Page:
Comparative Perspectives on Child Poverty: A Review of Poverty Measures
- Date: 01 Jan 2002
- Series: Working Paper 1
- Author: Howard White, Jennifer Leavy & Andrew Masters
- Download the file ( English, 1120 KB, PDF document )
Abstract: Childhood poverty matters directly – for children constitute a large share of the population – and indirectly – for future individual and national well-being. Developed countries measure poverty in terms of income-poverty, although health and education are often taken into account. But these are not necessarily the most direct measure of the things that matter for children. A broader range of factors than material well-being are important for child development. Family and community circumstances, social and psychological variables are important components of child welfare.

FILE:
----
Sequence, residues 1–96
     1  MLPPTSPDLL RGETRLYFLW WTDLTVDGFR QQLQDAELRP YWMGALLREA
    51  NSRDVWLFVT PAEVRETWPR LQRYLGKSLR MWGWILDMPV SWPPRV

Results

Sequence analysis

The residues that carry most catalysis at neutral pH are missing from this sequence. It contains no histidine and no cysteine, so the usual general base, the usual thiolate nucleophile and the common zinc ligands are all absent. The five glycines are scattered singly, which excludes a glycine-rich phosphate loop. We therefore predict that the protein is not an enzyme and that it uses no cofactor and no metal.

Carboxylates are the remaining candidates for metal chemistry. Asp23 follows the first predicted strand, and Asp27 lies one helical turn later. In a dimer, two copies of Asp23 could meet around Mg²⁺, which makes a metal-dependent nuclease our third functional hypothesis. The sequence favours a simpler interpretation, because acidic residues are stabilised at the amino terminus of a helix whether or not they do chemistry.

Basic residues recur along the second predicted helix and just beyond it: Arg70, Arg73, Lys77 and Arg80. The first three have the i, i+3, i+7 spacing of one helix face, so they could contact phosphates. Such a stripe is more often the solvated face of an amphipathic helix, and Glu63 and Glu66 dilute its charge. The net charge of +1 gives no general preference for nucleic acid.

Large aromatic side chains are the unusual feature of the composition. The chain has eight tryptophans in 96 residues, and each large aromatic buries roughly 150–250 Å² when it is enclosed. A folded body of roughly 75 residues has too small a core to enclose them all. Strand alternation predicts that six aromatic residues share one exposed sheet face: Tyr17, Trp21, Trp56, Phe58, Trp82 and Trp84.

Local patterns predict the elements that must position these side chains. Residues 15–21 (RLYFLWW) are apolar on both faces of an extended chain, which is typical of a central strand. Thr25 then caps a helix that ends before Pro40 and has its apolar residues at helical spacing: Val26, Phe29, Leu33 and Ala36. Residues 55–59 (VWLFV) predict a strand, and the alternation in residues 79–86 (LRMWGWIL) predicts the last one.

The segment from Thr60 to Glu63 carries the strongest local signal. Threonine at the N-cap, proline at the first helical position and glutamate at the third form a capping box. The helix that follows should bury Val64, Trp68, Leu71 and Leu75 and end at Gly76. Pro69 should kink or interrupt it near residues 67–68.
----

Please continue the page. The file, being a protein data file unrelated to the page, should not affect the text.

Can such a conclusion be extended to developing countries? At first sight, it would seem not – for the challenges of tackling malnutrition, illiteracy, premature death and the factors which cause them are so massive. But such a view is short-sighted. Child development concerns are just as important in developing countries as they are in developed ones – albeit less well understood. Approaches to measuring and improving child welfare in developing countries should also adopt a broad-based approach that embraces diverse aspects of a child’s life, including his/her rights.
Childhood poverty indicators are different from ‘standard’ poverty indicators, such as income or adult illiteracy, since they need to reflect the special position of children. This paper discusses whether available measures of child welfare are appropriate to the needs of children. It compares approaches to measuring childhood poverty in developing and developed countries. The paper argues for a broader conception of child welfare, for policy and analysis. The conclusions bolster the call by Young Lives for research to take a multi-faceted approach to child well-being.
Keywords: well-being, welfare, measures, indicators, emotional index, behavioural index, perceptions of well-being